Scott Holcomb

Scott Holcomb 

Occupation: Attorney, Holcomb + Ward, LLP

Previous elected offices held: I have been a state representative since being elected in 2010.

Other community service experience: Since leaving active duty in 2004, I have represented veterans and their family members on a pro bono basis. I have also served on the State Bar of Georgia Military Legal Assistance Program Committee since 2008 and the Suicide Prevention and Awareness Committee since 2013. I previously served as an advisor to the Northlake Community Alliance and as a trustee on several boards including the Georgia Perimeter College Foundation and HOPE Atlanta, a nonprofit that works to end homelessness.

What is motivating you to run for this office?

I have a strong commitment to public service that precedes my time in politics. I like to help people and solve problems, and I find public-sector problems to be the most challenging that we face. Specifically, I’m interested in improving Georgia’s performance on several issues, including healthcare, education, infrastructure and transportation/transit. I also want to continue working on issues of sexual and domestic violence. I’ve been the driving force on major legislation over the last few years to help end the backlog of untested sexual assault kits and to provide greater protections to victims of domestic violence.

What is the biggest issue facing the district and how will you address it?

I’ve spent a lot of time speaking with my constituents and there’s no single issue. They are concerned about many issues, including healthcare, education, jobs, transit and public safety. They want the government to run effectively and efficiently. I’ve been a leader on all of these issues at the Capitol. I do my homework, actively listen and seek input, and vote for what I think is best for our district and the state. I fight for transparency every step of the way so voters can make informed decisions. I build coalitions and get things done.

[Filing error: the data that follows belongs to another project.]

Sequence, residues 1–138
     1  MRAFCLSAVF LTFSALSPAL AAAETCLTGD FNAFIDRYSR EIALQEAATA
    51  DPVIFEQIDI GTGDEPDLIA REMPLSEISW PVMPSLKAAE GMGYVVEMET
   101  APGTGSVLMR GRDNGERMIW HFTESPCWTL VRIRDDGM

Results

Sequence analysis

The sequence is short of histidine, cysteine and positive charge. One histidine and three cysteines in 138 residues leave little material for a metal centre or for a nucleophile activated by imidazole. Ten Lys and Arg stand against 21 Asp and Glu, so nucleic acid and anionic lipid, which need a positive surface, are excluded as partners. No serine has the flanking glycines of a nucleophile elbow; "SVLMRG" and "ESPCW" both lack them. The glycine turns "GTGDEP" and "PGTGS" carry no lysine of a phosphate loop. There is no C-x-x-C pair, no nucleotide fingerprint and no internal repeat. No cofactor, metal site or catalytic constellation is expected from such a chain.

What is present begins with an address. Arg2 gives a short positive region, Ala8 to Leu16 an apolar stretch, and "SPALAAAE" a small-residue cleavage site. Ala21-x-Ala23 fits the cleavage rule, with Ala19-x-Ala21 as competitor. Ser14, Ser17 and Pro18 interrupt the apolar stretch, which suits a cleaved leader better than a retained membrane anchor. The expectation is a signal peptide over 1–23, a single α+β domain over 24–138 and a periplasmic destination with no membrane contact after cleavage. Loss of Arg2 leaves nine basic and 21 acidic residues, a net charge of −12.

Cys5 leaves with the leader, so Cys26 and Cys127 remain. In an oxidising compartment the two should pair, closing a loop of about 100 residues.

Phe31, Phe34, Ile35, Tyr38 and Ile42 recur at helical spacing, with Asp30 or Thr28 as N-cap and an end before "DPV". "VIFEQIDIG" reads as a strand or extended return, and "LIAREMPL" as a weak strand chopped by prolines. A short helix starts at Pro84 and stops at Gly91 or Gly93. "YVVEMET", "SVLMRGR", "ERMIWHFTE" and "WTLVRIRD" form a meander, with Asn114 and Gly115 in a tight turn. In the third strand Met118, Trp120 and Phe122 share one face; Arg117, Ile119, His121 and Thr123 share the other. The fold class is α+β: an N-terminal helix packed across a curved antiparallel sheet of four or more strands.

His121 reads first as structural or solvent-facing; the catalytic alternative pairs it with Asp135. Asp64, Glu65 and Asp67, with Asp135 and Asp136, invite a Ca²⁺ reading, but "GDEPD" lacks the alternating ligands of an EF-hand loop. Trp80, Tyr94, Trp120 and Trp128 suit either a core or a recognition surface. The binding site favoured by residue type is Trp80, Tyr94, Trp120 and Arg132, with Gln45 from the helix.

After the new “ATL” regional transit authority forms, what local transit priorities would you advocate, if any?

The ATL is a governance and funding structure. I supported it, but it remains to be seen how it will fare in practice. The bottom line is simple: we need more transit investment. We can’t build enough roads to solve our traffic problems. Ask any engineer or transportation expert and they’ll tell you the same thing. Building our transportation and transit infrastructure in the metro area is essential for our economic competitiveness and way of life. It’s a must-do, not a maybe-do.

What is your position on reducing or eliminating the state income tax and why?

I voted to reduce the state income tax rate. We hear about eliminating the income tax every election cycle, but I don’t see any likelihood of that happening. More than half of the budget is derived from income taxes, so it would be extremely challenging to make up that revenue from other sources. That revenue pays for schools, roads, prisons and healthcare. If the income tax were eliminated, sales taxes would rise to make up the difference. With about 75 percent of GDP coming from consumer spending, it’s unlikely that massively raising sales taxes would help the economy.

John Ruch is an Atlanta-based journalist. Previously, he was Managing Editor of Reporter Newspapers.